When either having a baby or planning to have a baby and breastfeeding, it is good to know exactly what the good and bad sides of breastfeeding are. If a woman knows what to expect in breast feeding, a woman could minimize her chances of experiencing difficulty in the process. Breastfeeding is commonly seen to be a natural, easy, and inexpensive way to feed a baby, but at the same time the beginning is always the real challenge due to adapting to a body's own process of producing breast milk.
One of the common conditions a woman can encounter in and during breastfeeding is a condition known as hyperlactation syndrome.
What is hyperlactation syndrome?
Hyperlactation syndrome is a condition which affects breast feeding women. The condition is caused by overactive milk producing glands. Each woman on average has between 100,000 and 300,000 milk producing glands. The scientific belief is that women effected by hyperlactation are women who range up around 200,000 to 300,000 milk producing glands in the breast.
How to tell if you have Hyperlactation?
Hyperlactation is a body’s problem with over-producing milk when breastfeeding, and the most common sign is when a breast over releases milk while breast feeding. Babies who display severe gas problems, and are constantly spitting up milk and losing milk while breast feeding may be the first sign that you could have hyperlactation syndrome.
Another sign is through the breast activity when you are not breast feeding. Some examples of breast behavior with hyperlactation syndrome are over spraying milk, leaking milk more than normally, waking up soaked in breast milk, and blocked ducts.
There are also additional side effects of hyperlactation syndrome, but these side effects tend to be separate problems and conditions that can be caused by hyperlactation. Some of these symptoms are blocked ducts, breast abscess, inability to release milk, and breasts feeling sore and full.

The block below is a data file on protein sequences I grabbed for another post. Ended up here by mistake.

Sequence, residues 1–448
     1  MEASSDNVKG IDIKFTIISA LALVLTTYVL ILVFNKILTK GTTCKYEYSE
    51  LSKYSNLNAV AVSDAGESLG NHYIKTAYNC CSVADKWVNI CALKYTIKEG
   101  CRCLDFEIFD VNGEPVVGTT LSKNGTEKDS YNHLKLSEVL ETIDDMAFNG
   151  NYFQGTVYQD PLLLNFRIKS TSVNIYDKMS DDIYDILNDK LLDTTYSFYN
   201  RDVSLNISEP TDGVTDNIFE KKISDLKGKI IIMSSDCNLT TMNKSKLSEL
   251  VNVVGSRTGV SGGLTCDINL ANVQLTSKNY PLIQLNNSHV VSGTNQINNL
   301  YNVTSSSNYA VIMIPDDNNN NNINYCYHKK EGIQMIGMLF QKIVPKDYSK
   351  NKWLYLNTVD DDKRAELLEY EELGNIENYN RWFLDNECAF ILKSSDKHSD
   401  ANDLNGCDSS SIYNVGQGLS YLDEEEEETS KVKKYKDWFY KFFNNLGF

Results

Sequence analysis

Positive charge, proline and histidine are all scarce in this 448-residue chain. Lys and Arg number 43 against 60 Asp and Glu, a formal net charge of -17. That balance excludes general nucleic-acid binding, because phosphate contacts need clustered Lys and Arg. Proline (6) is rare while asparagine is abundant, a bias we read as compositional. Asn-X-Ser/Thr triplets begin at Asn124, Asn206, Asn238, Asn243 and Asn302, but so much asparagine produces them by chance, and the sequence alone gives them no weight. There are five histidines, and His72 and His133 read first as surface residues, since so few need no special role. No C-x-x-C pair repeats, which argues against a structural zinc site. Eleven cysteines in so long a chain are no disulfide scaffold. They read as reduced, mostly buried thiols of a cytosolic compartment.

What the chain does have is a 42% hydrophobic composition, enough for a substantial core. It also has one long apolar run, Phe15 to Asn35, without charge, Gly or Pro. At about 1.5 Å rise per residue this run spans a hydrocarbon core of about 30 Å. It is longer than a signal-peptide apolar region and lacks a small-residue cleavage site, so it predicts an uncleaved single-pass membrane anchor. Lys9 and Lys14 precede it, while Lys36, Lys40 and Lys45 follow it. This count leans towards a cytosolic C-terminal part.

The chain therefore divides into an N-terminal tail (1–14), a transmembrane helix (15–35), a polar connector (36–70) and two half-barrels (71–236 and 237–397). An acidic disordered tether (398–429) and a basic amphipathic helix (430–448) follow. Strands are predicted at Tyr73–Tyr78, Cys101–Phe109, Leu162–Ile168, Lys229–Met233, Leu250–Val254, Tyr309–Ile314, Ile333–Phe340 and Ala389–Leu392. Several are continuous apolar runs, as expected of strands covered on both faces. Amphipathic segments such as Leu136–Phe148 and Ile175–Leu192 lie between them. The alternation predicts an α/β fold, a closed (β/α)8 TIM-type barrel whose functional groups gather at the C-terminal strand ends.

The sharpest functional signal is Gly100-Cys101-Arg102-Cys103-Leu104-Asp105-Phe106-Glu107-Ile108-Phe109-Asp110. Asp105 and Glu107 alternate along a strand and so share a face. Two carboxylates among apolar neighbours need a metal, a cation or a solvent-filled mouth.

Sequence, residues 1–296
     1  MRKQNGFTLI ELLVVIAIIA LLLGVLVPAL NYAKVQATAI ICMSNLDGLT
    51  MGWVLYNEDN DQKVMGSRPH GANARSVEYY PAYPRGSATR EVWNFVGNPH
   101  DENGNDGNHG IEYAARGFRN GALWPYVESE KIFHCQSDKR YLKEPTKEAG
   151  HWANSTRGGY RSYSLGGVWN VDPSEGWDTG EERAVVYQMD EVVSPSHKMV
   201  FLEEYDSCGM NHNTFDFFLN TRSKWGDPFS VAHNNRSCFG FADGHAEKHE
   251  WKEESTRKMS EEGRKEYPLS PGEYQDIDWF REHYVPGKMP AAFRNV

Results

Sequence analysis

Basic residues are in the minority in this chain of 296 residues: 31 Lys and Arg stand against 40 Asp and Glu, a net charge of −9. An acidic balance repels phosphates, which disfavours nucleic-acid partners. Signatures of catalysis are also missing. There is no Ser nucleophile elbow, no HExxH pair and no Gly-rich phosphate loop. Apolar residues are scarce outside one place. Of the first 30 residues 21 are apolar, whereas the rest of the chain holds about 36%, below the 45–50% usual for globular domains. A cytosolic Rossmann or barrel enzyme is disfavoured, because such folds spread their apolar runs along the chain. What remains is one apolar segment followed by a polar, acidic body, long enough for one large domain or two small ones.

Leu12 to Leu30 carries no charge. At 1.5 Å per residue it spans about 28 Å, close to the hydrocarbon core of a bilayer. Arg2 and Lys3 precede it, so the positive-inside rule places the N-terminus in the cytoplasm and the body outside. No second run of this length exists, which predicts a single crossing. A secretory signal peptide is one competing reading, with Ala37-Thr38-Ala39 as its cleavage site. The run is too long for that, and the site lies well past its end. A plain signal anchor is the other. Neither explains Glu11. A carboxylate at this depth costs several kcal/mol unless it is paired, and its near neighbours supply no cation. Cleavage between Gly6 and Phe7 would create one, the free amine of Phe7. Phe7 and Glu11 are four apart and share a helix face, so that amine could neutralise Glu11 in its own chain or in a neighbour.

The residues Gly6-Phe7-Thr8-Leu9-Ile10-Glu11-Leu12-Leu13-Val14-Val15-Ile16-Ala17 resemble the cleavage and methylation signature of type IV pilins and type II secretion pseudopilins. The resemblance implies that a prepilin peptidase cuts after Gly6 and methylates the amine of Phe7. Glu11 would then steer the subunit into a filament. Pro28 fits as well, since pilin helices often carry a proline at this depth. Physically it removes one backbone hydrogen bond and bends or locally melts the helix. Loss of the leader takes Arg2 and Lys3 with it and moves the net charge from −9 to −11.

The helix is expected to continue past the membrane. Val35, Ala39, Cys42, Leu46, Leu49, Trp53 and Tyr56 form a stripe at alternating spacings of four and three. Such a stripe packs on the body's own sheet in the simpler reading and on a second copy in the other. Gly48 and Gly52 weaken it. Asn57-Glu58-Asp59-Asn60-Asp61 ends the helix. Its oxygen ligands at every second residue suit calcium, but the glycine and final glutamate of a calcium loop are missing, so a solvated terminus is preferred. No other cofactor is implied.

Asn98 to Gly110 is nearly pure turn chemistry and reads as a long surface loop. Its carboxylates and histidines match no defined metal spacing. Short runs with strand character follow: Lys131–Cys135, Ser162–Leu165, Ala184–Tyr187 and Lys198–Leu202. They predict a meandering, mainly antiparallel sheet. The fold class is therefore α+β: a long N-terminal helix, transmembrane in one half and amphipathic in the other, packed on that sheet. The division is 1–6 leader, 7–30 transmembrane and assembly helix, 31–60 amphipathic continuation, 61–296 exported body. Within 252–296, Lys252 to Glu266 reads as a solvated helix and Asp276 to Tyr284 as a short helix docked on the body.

The last way to identify is by clarifying the causes of hyperlactation syndrome and seeing if you fall under any of these categories. Some of the main causes are poor draining techniques, poor feeding schedules, not fully draining one breast before switching to the next, and the last cause would be over-draining breasts.
How can Hyperlactation be prevented?
The effectiveness of each technique to help hyperlactation varies between people; this is because hyperlactation can be caused from many different problems including just simply overactive glands. But some of the tips to help deal with hyperlactation until you can consult a doctor are to keep breasts properly drained during feedings and after. For example if you are breastfeeding and you forget to fully drain a breast before positioning your baby over to the other breast, be sure to work the breast milk out on your own after to prevent engorging breasts.
Also always remember not to over-release breast milk. The amount of breast milk you will supply changes with the baby's demand. Meaning if you spend a week fully releasing milk from your breasts every two hours, your body will begin readily producing two full breasts of milk every two hours, so caution should be taken to prevent over filling your breasts.